It is an object of the invention to provide a mask or mouthpiece coupling element that funnels low-frequency components into a transducer appropriate for measuring such airflow components, while causing significantly less distortion and muffling of the voice than a funneling-type mask constructed according to the prior art.
It is a further object of the invention to provide a modification for use with a mask or mouthpiece constructed according to the prior art, which results in the prior art mask or mouthpiece having significantly less distortion and muffling of the voice.
It is a still further object of the invention to provide a mask or mouthpiece suitable for use with an airflow transducing system which may only measure airflow that moves in only one direction at all times during the measurement interval.
In accordance with one aspect of the invention, the mask or mouthpiece coupling element may include a housing exhibiting walls defining a chamber, and an input port for directing the airflow from the mouth and/or nose into the chamber. The chamber may be located close to the point of contact between the mask or mouthpiece and the face or mouth, respectively. A significant proportion of the chamber walls may exhibit a thin, flexible membrane or membranes that vibrate freely at frequencies important to the perception of the voice. The membranous walls may also be impervious to the passage of air.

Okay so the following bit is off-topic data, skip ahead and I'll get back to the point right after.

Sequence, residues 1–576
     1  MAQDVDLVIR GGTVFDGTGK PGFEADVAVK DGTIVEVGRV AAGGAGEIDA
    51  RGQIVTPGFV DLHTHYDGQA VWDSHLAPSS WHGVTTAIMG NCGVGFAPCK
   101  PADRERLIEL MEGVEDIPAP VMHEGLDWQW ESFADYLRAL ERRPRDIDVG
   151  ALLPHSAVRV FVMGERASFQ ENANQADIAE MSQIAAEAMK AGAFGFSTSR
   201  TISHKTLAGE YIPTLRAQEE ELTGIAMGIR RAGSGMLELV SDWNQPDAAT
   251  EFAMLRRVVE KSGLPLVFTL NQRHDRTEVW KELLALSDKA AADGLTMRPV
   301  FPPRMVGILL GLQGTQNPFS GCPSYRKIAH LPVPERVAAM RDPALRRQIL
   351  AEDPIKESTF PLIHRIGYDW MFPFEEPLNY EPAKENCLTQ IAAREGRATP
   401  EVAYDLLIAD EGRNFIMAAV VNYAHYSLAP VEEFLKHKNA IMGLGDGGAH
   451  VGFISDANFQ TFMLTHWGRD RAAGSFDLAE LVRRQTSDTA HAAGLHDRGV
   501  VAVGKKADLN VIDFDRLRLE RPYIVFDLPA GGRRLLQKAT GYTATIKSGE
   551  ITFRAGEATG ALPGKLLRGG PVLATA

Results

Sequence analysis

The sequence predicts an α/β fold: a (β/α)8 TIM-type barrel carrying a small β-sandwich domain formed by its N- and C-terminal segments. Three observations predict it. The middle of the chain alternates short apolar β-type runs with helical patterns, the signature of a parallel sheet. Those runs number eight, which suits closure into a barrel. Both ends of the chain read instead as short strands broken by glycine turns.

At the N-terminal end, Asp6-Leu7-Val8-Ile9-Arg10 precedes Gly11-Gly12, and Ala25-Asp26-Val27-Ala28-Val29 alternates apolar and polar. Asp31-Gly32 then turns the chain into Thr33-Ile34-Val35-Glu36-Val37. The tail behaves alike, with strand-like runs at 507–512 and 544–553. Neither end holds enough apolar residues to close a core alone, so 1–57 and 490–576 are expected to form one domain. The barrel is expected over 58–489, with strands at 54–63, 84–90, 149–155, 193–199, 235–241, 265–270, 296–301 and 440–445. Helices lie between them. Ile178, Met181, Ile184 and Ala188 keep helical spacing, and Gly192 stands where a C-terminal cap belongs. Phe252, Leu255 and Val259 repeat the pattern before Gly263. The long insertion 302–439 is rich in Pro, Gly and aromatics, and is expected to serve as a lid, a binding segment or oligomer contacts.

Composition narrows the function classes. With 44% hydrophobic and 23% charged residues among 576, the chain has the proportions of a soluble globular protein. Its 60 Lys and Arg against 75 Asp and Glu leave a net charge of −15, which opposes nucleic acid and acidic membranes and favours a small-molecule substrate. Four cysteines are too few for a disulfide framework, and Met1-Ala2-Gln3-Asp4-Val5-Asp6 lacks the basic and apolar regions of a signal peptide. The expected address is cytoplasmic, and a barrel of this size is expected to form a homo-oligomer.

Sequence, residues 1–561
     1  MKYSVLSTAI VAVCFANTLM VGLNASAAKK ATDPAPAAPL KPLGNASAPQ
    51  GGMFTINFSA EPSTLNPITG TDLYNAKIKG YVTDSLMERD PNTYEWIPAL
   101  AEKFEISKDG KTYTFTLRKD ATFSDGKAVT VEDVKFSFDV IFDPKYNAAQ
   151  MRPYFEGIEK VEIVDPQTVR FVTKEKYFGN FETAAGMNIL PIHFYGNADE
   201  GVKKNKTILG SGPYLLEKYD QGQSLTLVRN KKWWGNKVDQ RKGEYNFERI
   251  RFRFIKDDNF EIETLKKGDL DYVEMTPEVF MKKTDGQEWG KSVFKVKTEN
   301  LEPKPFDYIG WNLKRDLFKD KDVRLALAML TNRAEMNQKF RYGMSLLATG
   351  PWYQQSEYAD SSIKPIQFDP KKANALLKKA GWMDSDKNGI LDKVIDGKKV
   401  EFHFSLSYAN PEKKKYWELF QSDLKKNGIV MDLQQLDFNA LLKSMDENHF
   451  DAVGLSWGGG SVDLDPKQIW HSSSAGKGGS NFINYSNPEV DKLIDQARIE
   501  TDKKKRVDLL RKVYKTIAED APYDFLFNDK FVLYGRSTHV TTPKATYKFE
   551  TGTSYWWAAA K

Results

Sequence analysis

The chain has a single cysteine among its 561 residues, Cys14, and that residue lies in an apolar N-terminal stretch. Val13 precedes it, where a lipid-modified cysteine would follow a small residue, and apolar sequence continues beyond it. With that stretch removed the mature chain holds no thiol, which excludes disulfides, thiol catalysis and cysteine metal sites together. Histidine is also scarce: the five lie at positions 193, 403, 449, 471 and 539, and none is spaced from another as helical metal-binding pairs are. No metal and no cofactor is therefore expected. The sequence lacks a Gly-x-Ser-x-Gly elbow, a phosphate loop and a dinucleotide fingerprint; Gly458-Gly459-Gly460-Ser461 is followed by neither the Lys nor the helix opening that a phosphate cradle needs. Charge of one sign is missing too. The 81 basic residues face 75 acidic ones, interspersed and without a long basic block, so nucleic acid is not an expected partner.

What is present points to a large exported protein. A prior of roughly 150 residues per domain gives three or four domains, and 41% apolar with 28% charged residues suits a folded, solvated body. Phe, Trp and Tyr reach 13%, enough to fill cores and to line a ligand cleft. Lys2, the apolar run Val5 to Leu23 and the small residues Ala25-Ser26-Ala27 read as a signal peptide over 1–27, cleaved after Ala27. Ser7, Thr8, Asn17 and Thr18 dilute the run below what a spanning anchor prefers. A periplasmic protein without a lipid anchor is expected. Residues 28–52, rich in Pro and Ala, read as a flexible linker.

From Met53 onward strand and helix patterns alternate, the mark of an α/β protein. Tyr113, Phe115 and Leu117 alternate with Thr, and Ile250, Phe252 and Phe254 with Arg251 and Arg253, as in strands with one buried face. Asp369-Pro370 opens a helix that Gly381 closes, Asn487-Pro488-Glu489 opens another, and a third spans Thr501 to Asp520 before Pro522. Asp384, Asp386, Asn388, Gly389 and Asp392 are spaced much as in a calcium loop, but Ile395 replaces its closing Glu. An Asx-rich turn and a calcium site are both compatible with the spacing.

The chamber may also have an exit port configured so airflow from the mouth and/or nose is directed through the exit port to a transducer capable of measuring the low-frequency components of the airflow.
The chamber membranous wall may provide a low acoustic impedance between the chamber interior and the outside air at the audible or acoustic voice frequencies, while providing a high impedance to the low-frequency airflow components to be measured. This low-impedance acoustic path between the mouth and the surrounding outside air minimizes both the distortion and the muffling of the voice caused by the mask or mouthpiece.